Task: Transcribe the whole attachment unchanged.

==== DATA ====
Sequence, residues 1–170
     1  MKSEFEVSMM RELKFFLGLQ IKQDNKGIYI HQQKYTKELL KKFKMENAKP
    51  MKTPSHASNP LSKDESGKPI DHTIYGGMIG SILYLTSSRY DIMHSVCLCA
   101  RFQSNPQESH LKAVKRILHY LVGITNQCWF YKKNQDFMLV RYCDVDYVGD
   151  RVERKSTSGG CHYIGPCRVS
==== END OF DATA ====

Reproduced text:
Sequence, residues 1–170
     1  MKSEFEVSMM RELKFFLGLQ IKQDNKGIYI HQQKYTKELL KKFKMENAKP
    51  MKTPSHASNP LSKDESGKPI DHTIYGGMIG SILYLTSSRY DIMHSVCLCA
   101  RFQSNPQESH LKAVKRILHY LVGITNQCWF YKKNQDFMLV RYCDVDYVGD
   151  RVERKSTSGG CHYIGPCRVS